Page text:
Gå til hovedinnhold

Safety demands a continuous commitment

Establishing and maintaining a good level of safety in the petroleum industry calls for continuous commitment and follow-up by management, Magne Ognedal, director-general of the PSA, said in Stavanger on 31 August.


Speaking at a seminar in Stavanger on leadership and major accident risk, he noted that risk could be managed but that this required that adequate knowledge be obtained and maintained.

Clear goals also had to be set for risk management. “Good management is accordingly crucial in this area as well in order to meet the mandatory goal of avoiding major accidents in the petroleum industry.”

Leadership
“Safety management has become an established concept, both in everyday life and in the legal system,” Mr Ognedal noted. “It strikes me that we should be talking to a greater extent about leadership, which is something different from and more than management.

“Management deals with administration, while leadership is about showing the way, inspiring and motivating.”

Establishing a good level of safety in the petroleum industry was not a one-off job or voluntary effort which could be achieved through a form of campaign and was then self-sustaining, he said. “Rather the opposite. Without a continuous commitment, risk management will deteriorate and the level of safety decline.

“Unfortunately, we often see signs that this is allowed to happen until a serious incident unleashes a campaign-like commitment to restoring safety standards.

“In my view, it would be much better – and a much better use of resources – to maintain continuous pressure than to pursue risk management by fits and starts through accident-inspired campaigns.”

Priority
The PSA had given attention for several years to identifying how far and in what way company managements work to prevent major accidents, Mr Ognedal said. That remained a key priority.

“This is a question of how management maintains an overview of realities and risks in its own business, and ensures that requirements for collaboration in managing risk are clearly defined both within the company and by the players involved,” he noted.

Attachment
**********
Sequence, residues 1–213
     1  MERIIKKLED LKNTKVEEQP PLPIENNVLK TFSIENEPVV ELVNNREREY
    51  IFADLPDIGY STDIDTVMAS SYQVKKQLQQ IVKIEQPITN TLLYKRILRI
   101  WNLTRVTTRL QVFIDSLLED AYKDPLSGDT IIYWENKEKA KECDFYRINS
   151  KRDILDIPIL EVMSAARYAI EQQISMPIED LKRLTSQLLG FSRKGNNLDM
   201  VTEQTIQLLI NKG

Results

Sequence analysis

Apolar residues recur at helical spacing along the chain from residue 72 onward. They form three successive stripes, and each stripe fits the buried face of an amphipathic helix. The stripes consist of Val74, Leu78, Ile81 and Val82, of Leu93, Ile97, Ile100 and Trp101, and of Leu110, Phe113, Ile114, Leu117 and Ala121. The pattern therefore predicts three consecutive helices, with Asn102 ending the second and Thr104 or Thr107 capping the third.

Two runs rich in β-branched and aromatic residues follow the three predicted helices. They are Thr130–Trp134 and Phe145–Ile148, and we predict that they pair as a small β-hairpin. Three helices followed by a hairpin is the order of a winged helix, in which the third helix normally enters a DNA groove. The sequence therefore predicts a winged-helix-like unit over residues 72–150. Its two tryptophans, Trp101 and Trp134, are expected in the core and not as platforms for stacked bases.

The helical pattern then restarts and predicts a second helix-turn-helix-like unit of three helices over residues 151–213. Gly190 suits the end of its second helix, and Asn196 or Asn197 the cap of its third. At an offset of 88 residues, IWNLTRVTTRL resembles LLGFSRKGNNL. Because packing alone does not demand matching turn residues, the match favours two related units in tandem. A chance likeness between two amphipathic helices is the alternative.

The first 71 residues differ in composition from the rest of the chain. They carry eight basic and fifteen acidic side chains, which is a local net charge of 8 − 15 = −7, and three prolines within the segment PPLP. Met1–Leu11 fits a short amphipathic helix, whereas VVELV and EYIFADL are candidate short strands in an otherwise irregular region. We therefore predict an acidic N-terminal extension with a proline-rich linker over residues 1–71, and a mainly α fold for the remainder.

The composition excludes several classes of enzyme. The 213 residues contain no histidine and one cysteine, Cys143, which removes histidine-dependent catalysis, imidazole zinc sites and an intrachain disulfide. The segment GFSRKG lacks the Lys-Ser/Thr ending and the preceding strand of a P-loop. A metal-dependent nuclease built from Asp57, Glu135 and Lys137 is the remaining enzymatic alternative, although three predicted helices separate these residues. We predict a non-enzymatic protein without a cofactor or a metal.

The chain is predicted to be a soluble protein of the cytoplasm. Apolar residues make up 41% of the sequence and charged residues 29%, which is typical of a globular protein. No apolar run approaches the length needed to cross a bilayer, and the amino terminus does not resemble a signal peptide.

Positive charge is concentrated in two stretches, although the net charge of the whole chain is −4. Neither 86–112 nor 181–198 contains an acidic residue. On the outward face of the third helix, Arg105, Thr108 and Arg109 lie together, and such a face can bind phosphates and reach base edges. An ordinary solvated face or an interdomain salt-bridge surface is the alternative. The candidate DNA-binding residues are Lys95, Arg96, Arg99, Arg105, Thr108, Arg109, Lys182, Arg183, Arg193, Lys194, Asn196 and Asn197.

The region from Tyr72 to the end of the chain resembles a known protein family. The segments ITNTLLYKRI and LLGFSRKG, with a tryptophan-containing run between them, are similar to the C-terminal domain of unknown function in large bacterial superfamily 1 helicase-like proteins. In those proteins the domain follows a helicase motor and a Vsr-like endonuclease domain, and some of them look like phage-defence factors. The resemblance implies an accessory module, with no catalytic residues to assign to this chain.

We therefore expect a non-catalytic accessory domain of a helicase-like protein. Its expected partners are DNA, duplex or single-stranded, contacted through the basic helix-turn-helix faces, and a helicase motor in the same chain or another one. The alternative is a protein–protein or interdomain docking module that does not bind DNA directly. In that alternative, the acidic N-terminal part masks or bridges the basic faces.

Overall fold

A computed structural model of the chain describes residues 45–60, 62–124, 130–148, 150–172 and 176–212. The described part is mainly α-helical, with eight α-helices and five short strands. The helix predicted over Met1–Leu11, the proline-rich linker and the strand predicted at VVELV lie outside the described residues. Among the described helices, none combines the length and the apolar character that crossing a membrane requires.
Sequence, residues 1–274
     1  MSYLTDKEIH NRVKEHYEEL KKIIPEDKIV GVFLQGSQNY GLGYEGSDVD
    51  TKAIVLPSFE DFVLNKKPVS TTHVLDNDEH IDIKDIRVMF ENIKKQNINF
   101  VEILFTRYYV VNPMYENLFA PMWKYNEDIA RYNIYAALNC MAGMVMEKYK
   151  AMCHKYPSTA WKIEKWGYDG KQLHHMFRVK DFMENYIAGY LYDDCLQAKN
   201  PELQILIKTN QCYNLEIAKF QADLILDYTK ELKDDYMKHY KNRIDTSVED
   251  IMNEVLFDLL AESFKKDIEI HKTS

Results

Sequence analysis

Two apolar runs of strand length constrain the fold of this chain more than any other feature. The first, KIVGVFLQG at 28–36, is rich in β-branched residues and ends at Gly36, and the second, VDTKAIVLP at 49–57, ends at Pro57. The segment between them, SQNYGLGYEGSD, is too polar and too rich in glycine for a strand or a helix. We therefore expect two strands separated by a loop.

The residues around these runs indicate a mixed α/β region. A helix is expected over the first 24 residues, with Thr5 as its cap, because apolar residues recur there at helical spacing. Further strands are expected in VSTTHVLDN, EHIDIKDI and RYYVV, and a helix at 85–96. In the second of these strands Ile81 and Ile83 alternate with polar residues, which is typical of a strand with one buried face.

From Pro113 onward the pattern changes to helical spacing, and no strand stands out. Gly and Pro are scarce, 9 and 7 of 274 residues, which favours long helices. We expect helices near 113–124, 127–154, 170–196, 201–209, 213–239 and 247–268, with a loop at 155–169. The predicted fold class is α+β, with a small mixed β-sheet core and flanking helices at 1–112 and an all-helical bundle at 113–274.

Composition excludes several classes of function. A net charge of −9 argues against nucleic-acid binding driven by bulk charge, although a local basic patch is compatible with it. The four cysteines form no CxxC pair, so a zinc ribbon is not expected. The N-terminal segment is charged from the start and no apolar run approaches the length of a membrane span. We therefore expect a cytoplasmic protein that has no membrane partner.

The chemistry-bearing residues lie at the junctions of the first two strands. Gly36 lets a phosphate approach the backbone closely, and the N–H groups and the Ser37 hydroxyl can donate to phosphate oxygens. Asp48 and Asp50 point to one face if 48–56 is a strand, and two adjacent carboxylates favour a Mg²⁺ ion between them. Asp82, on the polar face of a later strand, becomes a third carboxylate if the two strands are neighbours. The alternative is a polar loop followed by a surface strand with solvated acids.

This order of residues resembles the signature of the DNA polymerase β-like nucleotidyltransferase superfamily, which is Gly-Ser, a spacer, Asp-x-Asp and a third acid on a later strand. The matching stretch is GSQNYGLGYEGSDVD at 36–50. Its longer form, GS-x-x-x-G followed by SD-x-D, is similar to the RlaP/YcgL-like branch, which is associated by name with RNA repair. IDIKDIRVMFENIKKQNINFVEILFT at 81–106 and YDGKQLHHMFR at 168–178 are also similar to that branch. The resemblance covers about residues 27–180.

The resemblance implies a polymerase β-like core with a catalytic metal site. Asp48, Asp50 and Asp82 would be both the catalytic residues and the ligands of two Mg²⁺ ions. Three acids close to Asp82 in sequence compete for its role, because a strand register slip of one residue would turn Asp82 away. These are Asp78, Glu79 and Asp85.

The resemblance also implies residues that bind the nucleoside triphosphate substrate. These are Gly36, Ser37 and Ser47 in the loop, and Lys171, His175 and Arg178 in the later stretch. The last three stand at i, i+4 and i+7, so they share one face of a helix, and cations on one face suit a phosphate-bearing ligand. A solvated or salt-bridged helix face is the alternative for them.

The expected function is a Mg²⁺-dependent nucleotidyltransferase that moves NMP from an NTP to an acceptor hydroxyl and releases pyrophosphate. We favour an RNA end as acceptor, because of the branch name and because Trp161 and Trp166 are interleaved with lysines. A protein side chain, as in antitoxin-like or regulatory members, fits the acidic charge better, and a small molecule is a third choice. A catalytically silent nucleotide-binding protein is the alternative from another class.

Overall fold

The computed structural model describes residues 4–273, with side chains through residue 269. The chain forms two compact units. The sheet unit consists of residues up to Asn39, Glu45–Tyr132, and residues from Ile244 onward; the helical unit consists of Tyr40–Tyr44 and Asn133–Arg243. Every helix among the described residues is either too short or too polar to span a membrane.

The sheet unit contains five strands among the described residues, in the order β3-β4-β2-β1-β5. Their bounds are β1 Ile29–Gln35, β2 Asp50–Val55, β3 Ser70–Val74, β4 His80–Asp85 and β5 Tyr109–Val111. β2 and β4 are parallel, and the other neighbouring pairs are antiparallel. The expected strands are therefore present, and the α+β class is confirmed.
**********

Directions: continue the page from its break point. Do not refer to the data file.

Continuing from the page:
Mr Ognedal also emphasised that managing risk was naturally a management responsibility, which meant that the responsible manager must be in possession at all times of sufficient information about the activities being pursued.

They must also understand the risk picture and what it comprises, and have a good overview and understanding of the barriers established to prevent dangerous conditions arising and developing into a major accident.

The seminar on leadership and major accidents was organised by the PSA in collaboration with the Norwegian Oil Industry Association (OLF) and the University of Stavanger (UiS).

In addition to Mr Ognedal, the programme included the following speakers:

  • Øystein Michelsen, executive vice president, Exploration & Production Norway (EPN), Statoil
  • Karlene H Roberts, professor, Haas School of Business, University of California, Berkeley, USA
  • Christopher Hart, National Transportation Safety Board, USA
  • Ron Westrum, professor, Eastern Michigan University, USA, and at the UiS.
  • Rhona Flin, professor, University of Aberdeen, UK.

Links to the presentations are provided on the right.